Steve Bates´s last blog post..Obama Justice Attacks Habeas

4 Bryan { 04.13.09 at 3:39 pm }

As many others have noticed, the financial sector doesn’t actually produce anything. They are the consummate middle men, taking money for moving money around. They risk other people’s money to make their money. They are not part of the capitalistic system, they are a parasite on that system. They can be useful when they act as an honest broker, but when they are concerned only with profits they prevent the system from operating.

Regulation in capitalism is dependent on risk. When actual risk is distorted by limiting it through the corporation, or increasing it with the derivatives, the “free” market can’t work.

You and I, Steve, are selling a product. We actually produce something of value that is bought by someone. Banks are moving other people’s money, and insurance companies are gambling syndicates, they produce nothing.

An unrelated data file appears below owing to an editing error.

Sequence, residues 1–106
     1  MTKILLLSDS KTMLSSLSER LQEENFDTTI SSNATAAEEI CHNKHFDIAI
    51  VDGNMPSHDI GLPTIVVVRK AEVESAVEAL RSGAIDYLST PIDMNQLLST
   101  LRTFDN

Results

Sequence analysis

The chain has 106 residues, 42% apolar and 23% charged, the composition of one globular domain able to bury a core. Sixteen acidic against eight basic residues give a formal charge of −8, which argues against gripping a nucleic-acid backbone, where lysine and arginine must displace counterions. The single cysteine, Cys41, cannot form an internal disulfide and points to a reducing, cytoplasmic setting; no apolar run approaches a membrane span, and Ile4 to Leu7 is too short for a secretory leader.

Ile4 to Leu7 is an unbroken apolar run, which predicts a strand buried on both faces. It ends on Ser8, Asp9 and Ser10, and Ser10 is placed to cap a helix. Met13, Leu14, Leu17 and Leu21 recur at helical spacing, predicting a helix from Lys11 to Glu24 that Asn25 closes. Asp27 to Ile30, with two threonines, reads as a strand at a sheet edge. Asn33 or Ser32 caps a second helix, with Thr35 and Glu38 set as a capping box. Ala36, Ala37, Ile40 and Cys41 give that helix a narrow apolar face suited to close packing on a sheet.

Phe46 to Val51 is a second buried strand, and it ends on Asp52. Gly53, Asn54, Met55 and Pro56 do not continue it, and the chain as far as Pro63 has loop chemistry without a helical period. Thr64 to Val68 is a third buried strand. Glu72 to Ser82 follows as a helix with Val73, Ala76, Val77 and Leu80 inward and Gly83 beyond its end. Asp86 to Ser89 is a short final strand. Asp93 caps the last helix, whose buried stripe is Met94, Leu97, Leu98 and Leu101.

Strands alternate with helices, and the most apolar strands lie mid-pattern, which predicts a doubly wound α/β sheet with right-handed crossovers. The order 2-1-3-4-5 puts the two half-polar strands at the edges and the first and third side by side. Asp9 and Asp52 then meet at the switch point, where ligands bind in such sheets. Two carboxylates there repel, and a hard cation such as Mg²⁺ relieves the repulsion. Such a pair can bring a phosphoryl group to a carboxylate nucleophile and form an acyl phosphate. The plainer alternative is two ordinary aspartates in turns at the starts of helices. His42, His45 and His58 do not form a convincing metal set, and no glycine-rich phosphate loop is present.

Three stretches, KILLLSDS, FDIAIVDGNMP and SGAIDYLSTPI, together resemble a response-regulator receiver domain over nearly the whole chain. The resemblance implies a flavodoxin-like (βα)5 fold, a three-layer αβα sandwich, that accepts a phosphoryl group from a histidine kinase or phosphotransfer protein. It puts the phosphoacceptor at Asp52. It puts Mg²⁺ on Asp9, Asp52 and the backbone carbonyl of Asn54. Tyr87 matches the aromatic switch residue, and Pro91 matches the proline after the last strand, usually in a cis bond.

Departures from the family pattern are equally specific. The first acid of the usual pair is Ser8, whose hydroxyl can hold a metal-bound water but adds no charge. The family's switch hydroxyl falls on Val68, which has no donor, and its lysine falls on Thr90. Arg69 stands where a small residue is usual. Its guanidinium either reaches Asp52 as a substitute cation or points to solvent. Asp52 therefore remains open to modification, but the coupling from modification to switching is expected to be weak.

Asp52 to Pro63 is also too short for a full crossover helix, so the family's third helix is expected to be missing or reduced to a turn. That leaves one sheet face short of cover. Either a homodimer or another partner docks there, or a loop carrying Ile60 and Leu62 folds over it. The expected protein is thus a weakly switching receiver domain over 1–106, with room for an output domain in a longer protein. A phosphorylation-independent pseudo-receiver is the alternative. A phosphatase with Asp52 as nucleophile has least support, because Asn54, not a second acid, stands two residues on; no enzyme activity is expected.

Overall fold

The stock market does not finance businesses. By the time an enterprise is ready for an initial public offering [IPO] it is already a viable business. The companies whose stock is listed on the major markets are not really benefiting from changes in the price of that stock, until, or unless, they offer more stock. Most of the transactions involve entities with no connection to the companies that have issued the shares being traded. The people doing the trading aren’t investing in the companies, they are betting on the price of the stock. Often the two have little in common.

While stock prices have gone up, the value of the companies has been decreasing: they lease instead of buying land; they maintain minimal inventories; they have increasing debt loads; they outsource critical functions. The corporations are becoming shells populated by a few managers, with the core of their business actually owned by someone else. As the salaries of executives have soared, their real responsibilities have been diminishing.

Most of the “unfortunate business decisions” reported on today would have properly been classified as fraud and perjury not long ago.